“Artificial intelligence is a factor in almost everything we do in life now. So many things are enabled by A.I., starting with the kinds of warnings you get in cars these days – major safety factors. So, A.I. is an increasing factor [in aerospace].

Simplistically, if you rely on A.I., you have the potential of eliminating the workload on pilots – and maybe ultimately pilots altogether. When you consider that probably 85% of aircraft accidents are due to pilot error, it stands to reason that if you get rid of them you might increase the safety factor. Now, I am a pilot myself and I don’t want to eliminate that part of it. I have over 10,000 hours now, and I’ve loved every one of them. But still, if I’m approaching minimums [when landing] a jet, I’d like to have auto pilot. With A.I., the autopilot can do the approach more accurately than I can all by myself.

The military is another huge application for advanced composites. The reason that our Predator drones are so effective is because they are light, and we are able to fly off for up to 48 hours without refueling – an amazing accomplishment. I think we are just beginning to see the activity of unpiloted airplanes in various versions for military actions can be done much less expensively. You have the huge advantage of endurance, so you are already up in the air when a problem occurs, and you can take action immediately.”

Fueling Future Aircraft

“The question of fuels – hydrogen, electric or hydrocarbons – that’s still very much up in the air. I think there is a place for all. But I also happen to believe that the CO2 factor is overrated as a problem. In fact, CO2 is the thing that makes everything you see in our life green. It’s essential to plant life. It’s essential to all life. The problem with air pollution is primarily carbon particulates, not CO2.

Even so, hydrogen is a natural fuel and there is plenty of that in the universe. Of course, electric energy has its advantage also. But the amount of energy – the power you can get – in liquid fuel, namely jet fuel, at this time is at least 20 times and maybe as many as 50 times more than you can get with batteries. Batteries will continue to improve, but for long-endurance airplanes that technology is not here. For advanced air mobility, perhaps it is because those missions are relatively short.”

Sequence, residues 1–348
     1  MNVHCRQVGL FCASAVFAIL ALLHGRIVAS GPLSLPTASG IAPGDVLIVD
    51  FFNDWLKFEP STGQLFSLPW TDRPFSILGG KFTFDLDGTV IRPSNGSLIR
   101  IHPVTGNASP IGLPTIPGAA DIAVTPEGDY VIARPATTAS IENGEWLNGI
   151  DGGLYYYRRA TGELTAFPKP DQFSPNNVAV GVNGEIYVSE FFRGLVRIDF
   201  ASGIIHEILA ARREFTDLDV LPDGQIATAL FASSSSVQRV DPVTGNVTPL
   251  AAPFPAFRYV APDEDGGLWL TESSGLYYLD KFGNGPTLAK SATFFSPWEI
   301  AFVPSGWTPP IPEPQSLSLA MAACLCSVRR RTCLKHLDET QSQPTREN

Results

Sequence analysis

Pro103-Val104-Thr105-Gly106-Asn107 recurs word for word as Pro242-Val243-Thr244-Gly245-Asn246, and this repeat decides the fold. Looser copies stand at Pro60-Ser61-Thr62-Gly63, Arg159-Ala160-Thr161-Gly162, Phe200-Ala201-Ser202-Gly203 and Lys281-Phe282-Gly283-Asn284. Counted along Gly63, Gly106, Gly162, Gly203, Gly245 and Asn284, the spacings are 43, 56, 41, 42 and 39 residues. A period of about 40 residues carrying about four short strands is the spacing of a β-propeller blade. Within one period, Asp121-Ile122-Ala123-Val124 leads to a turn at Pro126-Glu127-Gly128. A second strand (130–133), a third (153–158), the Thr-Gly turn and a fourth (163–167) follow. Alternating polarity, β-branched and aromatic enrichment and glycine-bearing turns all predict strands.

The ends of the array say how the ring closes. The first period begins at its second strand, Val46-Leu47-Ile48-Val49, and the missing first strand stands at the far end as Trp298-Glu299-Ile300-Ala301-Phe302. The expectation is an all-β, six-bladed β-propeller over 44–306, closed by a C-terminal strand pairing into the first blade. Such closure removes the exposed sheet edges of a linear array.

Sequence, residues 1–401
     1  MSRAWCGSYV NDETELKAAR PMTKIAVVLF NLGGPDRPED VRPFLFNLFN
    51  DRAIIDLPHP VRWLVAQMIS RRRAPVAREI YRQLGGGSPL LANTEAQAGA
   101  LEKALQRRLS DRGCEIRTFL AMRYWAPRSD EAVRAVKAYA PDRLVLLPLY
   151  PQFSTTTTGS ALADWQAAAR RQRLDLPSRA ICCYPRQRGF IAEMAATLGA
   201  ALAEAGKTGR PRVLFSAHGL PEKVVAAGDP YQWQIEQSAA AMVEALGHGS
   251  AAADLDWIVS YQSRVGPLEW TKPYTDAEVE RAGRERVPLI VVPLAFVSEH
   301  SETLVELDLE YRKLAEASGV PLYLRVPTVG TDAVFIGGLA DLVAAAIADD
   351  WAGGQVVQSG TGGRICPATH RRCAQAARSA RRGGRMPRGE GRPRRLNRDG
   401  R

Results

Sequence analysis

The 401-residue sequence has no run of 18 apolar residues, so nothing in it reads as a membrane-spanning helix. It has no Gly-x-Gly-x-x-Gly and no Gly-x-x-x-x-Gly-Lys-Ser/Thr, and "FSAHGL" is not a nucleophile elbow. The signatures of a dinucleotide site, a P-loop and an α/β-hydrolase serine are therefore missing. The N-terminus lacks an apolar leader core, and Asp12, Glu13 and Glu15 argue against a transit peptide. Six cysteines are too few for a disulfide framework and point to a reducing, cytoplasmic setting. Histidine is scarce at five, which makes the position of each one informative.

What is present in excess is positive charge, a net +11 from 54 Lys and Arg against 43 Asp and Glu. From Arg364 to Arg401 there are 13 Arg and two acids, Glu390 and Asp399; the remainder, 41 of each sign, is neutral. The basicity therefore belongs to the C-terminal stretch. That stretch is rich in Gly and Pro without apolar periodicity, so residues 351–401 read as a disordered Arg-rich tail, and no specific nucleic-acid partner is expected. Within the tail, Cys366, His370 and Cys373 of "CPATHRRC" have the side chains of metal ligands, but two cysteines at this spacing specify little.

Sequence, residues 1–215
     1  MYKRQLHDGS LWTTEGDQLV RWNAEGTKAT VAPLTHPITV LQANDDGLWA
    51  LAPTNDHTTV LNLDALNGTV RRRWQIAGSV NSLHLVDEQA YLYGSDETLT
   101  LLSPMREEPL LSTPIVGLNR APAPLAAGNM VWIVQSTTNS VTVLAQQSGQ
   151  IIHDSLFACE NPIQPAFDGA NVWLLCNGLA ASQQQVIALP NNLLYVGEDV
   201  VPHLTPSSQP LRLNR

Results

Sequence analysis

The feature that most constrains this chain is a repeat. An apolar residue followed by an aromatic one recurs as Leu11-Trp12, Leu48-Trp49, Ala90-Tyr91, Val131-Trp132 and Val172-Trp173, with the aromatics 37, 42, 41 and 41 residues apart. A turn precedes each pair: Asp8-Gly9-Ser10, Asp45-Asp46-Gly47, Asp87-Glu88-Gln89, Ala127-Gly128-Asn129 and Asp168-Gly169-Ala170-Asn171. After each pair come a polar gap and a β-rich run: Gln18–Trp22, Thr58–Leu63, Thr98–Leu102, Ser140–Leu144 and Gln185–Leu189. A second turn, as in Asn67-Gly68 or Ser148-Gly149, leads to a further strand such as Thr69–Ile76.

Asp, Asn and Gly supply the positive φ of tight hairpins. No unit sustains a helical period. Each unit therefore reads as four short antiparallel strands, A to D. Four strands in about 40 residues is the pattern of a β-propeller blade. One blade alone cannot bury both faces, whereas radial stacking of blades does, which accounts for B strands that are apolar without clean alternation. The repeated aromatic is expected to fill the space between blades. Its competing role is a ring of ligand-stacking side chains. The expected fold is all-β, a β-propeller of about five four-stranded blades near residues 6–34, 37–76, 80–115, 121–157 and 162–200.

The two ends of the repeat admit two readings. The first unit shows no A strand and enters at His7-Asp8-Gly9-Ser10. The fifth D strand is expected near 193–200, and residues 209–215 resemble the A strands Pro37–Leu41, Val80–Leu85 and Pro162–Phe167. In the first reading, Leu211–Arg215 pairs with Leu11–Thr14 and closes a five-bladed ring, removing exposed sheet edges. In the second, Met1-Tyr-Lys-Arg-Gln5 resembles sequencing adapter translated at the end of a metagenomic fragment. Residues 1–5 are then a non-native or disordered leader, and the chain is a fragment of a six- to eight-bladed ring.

Q & A Session

Coughlin: What do you see as the next couple of things that the aerospace industry needs to do to take advantage of the 5th generation of composites that’s different from the 4th generation?

Blue: As I mentioned, the primary advantage of the 5th generation is reduction in knock-down factors – knock-down for high humidity and high temperature – and thermoplastics gives you that, potentially up to 20%. That kind of improvement you have to consider if you build airplanes. It’s the combination of innovation that is constantly going on, particularly with composites, because of the inherent physical properties of strength and stiffness that are critical to designing airplanes.

John Busel: You brought up A.I. and smart composites – understanding what’s going on in the system at all times. [The ability to] collect all of that information, read it and record things so you can improve on how the aircraft is performing almost at any moment in time. That’s pretty sophisticated.

Blue: Well, that’s right. And that goes back to A.I. The fact is that computers can analyze all kinds of parameters on a continual basis at a speed far greater than human beings. And that’s good. And A.I. can sort through the noise and important factors you need to look at. So, a combination of A.I. and composites has tremendous potential for improving safety, reducing costs and having better products all the way around.

Coughlin: You talked about if you don’t design with the end material in mind, then you’re not taking full advantage of the composite. So what advice do you have for folks wading into this area and looking at the different options available?

Blue: First of all, have fun! There’s nothing more fun than making better products of all descriptions. But, as I said earlier, you’ve got to combine that with realism. We didn’t even talk about autoclaves and ovens and the potential of new resin systems for processes that are perhaps out-of-autoclave and out-of-oven. And that means lower costs, less time and perhaps better products as a result.

Coughlin: What do you think the first applications, in terms of market pull, will be for advanced air mobility?

Blue: I suppose it’s the urban part of advanced air mobility. Again, the weather factor is something I remain uncomfortable with. Flying is great when the weather is good, but you can get in a lot of trouble if you are not prepared for bad weather. And unfortunately, weather is a factor we all have to deal with.

I suppose it’s theoretically easier to control air mobility vehicles than it is to control unpiloted cars. The two technologies perhaps go together. If we are able to show that automated driving cars work and produce a better safety result all around, that will tell you it’s probably applicable to airplanes. In the meantime, I would not want to go up in an airplane that was totally without a pilot.

Remotely piloted airplanes for military use are something else. They have all the advantages of the mission in terms of endurance … and not having to worry about the physical needs of pilots. I’m a believer in remotely and unpiloted A.I.-enabled use of these vehicles. But we are not quite there yet. Will we get there? I would say almost certainly we will.

Susan Keen Flynn is managing editor of Composites Manufacturing magazine. Email comments to sflynn@keenconcepts.net.

Aviation pioneer Linden S. Blue is an owner and vice chairman of San Diego-based General Atomics.